https://www.duolingo.com/profile/TJ_Q8
  • 1346

hehe this thread is becoming too long that I'm digging to find a "reply" button to click. Well, I'm in Kuwait. My blog is about photography (originally was about my constructed language "Ayvarith"). If you like to check it out it's on http://ayvarith.blogspot.com/ (the next post will take place April 16th hopefully).

As for the letter: Arabic uses letters for long vowels, and diacritics or markers for short vowels, beside Sukún (the circle) and Shaddah (the little "w"). Sukún is used to "stabilize" the letter, meaning it is to note that the letter is not moved by any vowel. Shaddah is to double the consonant.
The letter you've mentioned is ي (Yá') and it is indeed treated as a long vowel (ee, or í as I like to type it), or as a consonant (Y). With the markers on top (or below) we would know how to treat this letter; as a long vowel or as a consonant. This is the idea, but I've noticed that Duolingo screws up the system sometimes. Anyway, it is enough to know that ي and و do act both: A consonant, and a long vowel.


https://www.duolingo.com/profile/KatieC993112

This is marvellous, to have all this explicit, I mean about Ya and Waw. The former is rather like the English Y, innit, since it can act as vowel or consonant. But, off the top of my head, the English W is always a semi-vowel. Ah, but it seems to me I've seen Ya with a sukun on it even though it was obviously a vowel. I suppose that was just a Duolingo screw up. I'll check out your blog. One of the words Duolingo uses to teach the alphabet - damn, I can't find it, I'll ask you about it later if that's all right.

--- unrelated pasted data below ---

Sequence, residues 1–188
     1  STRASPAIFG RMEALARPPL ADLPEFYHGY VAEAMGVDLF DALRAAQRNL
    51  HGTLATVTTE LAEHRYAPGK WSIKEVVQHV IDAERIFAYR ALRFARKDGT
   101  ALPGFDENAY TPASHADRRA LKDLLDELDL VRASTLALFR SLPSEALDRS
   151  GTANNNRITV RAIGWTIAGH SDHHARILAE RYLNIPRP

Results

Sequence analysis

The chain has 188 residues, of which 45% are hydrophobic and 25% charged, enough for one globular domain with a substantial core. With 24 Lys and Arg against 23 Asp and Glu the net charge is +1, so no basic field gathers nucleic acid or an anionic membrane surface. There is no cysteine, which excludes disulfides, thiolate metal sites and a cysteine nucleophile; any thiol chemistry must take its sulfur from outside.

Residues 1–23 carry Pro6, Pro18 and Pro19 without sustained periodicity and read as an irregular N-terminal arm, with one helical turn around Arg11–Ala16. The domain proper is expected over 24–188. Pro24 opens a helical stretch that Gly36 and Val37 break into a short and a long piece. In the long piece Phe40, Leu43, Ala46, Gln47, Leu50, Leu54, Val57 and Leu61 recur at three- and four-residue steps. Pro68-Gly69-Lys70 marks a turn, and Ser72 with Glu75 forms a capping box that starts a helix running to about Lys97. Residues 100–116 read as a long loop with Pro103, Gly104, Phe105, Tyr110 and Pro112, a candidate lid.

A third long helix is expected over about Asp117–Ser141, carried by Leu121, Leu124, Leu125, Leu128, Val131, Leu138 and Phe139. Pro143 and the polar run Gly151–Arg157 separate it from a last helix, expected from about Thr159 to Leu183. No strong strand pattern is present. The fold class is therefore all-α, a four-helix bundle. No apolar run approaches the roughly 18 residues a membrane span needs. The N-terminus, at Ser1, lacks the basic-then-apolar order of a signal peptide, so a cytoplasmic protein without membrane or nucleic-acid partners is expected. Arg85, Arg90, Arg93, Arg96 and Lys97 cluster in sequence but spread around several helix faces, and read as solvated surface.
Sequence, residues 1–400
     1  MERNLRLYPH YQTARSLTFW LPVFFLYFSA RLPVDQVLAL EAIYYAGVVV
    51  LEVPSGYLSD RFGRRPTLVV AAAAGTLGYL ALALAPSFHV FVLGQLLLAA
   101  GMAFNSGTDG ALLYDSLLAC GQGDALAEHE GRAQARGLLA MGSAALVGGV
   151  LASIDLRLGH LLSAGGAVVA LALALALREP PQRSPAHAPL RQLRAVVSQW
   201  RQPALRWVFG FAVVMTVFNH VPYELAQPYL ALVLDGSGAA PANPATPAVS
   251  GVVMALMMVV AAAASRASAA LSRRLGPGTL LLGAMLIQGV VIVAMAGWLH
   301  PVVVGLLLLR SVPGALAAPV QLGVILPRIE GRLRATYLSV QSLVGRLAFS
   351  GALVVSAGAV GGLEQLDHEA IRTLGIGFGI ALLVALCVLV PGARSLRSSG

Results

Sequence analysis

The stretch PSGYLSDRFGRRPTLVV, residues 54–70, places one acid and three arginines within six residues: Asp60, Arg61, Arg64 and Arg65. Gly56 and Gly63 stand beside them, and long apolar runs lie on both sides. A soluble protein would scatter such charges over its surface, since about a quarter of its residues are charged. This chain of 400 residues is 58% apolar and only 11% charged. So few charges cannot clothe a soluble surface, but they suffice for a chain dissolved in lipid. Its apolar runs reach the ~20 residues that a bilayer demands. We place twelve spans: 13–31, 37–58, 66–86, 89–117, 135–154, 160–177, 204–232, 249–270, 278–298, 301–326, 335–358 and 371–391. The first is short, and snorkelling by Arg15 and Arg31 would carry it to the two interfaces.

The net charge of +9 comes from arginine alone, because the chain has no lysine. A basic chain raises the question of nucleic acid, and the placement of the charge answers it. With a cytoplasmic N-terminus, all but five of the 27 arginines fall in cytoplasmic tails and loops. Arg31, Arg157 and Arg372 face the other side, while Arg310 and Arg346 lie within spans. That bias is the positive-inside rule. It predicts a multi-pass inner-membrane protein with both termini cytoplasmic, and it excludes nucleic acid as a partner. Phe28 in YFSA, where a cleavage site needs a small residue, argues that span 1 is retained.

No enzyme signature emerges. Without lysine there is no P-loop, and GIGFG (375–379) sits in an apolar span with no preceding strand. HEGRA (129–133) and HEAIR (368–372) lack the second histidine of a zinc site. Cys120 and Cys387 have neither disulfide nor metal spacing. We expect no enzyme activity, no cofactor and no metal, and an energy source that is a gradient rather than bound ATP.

https://www.duolingo.com/profile/benton.1

Katie, to joke with TJ, I simply started a new post, since Duolingo only allows around seven replies to a specific post. This reply to you, I started directly under your comment above, but it shows up down here instead of indented directly under your comment to which I'm replying. Go figure. :/


https://www.duolingo.com/profile/FefnirMKII

"Samia is an amazing Arabian doctor" should count as right


https://www.duolingo.com/profile/KatieC993112

I put "wonderful" instead of "amazing". I'm sure "wonderful" used to be accepted as an alternative. Many English speakers find "amazing" distasteful as a word of strong approval, as opposed to meaning "unexpected", "astounding".


https://www.duolingo.com/profile/TJ_Q8
  • 1346

To take it further, the word ممتازة is more like Excellent and not amazing. That would be rather مدهشة (of course in feminine form, for masculine remove the T-Marbuta at the end).


https://www.duolingo.com/profile/KatieC993112

Thank you. And I just input ممتاز (managed to type it myself!!!) in Google Translate, and indeed it gave "excellent". When I input "amazing", it translated it as رائعة حقا (I copied and pasted that from Google Translate). But that's two words, isn't it? What does it mean literally?